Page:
Fewer Flights Mean Fewer Delays

By | August 30, 2009
Dominoes line
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More than 30,000 fewer flights were canceled in the first half of 2009 than in the same period last year. Fewer planes were delayed more than fifteen minutes as well. But, instead of applauding the air traffic controllers, or the airline operations people for their coup, the real reason is that there are fewer planes up there.

Airline schedules have been reduced by ten to twenty percent over the last two years, due to the economic downturn, fuel prices, etc. With less planes in the air, or trying to land, there is less congestion overall at many airports. At Chicago-O’Hare, a new runway has also helped with delays. Other improvement projects at various airports have assisted. Now, more than 78 percent of flights were on time compared to 61 percent for the same period last year.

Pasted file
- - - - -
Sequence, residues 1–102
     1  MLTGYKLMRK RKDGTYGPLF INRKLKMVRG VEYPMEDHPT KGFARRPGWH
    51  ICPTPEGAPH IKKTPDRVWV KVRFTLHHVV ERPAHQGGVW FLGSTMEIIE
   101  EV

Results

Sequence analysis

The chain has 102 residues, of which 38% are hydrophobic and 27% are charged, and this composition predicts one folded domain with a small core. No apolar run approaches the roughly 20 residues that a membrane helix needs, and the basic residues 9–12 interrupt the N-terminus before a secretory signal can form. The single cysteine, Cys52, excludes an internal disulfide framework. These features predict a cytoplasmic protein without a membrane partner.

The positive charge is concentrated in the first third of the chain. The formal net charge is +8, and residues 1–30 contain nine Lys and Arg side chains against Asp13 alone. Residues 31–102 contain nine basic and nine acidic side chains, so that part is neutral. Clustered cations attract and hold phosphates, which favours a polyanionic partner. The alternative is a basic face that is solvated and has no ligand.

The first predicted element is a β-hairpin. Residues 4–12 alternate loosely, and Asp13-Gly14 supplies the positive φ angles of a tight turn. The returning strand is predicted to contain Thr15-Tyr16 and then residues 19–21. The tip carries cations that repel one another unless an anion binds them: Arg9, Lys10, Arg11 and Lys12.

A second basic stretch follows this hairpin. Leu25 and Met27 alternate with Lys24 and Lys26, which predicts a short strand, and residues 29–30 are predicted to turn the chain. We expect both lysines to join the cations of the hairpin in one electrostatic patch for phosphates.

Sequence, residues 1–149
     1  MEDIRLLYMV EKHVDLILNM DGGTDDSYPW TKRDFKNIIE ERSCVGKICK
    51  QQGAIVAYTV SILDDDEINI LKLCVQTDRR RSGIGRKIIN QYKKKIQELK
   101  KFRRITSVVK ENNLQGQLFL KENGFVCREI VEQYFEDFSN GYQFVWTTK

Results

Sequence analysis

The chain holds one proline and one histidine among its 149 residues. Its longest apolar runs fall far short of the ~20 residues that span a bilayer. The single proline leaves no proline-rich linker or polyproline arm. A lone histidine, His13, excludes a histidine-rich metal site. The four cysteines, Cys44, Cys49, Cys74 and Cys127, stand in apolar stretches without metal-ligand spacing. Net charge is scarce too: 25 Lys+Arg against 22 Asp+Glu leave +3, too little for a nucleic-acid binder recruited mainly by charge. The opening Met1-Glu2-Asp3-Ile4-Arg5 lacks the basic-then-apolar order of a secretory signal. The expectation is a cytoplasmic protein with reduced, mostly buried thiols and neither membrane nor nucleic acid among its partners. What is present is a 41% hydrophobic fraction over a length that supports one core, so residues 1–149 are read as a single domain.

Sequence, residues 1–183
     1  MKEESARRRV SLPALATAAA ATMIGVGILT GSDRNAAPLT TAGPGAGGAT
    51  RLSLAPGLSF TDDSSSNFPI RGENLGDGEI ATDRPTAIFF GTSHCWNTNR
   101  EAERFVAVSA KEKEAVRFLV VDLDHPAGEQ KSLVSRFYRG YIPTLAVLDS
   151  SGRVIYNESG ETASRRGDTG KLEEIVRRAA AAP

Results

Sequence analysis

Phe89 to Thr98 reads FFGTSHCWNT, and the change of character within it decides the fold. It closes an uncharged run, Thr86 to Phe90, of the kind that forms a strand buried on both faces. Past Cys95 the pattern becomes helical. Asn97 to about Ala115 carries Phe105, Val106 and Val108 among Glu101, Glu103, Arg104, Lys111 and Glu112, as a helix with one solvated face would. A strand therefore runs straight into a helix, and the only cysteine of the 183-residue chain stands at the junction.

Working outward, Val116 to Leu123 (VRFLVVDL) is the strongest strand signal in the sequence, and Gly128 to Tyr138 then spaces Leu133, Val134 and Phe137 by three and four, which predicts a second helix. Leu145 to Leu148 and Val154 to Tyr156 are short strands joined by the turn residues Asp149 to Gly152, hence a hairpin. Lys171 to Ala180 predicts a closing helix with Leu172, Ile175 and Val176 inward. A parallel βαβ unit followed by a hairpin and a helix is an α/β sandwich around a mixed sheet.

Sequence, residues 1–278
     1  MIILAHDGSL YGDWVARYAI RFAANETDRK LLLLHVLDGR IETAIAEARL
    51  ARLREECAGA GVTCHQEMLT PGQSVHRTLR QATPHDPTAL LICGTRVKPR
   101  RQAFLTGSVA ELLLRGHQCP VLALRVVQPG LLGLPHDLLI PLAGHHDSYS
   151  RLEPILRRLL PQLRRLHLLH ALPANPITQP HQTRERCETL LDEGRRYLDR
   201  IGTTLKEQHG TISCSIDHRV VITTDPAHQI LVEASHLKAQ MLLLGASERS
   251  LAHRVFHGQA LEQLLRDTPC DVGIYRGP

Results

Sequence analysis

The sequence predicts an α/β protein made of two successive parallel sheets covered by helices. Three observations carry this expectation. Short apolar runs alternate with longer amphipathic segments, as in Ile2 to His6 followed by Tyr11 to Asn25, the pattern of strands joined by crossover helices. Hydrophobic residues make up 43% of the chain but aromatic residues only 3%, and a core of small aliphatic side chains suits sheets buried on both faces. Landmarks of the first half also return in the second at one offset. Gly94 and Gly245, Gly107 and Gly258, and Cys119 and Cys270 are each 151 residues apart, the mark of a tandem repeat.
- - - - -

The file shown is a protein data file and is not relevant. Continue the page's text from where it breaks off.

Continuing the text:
Interestingly though, as capacity has reduced, so has the average ticket price per mile, which dropped eighteen percent from last July to this one, with corresponding revenue dropping twenty-one percent.

What problem this really creates is when the system breaks down. When a flight is canceled, often due to weather, there are fewer seats available to reschedule those passengers on other flights. There is less flexibility to recover without still more cancellations…the domino effect allows very little stress on the system. Makes us want to stay home for a little while.

The airlines can start doing other things. Delta Air Lines and US Airways, in their proposal for a slot trade at New York-Laguardia Airport and Washington-National Airport both claimed they would add larger planes on their new routes out of each airport. That would help in many markets where regional jets have replaced mainline service in order to increase frequency at the cost of capacity. Airlines can now consider the reverse. Decrease frequency, but offer more capacity in certain markets. They can realign service in various corridors for efficiency.

It is time to think outside the straight cancellation box.

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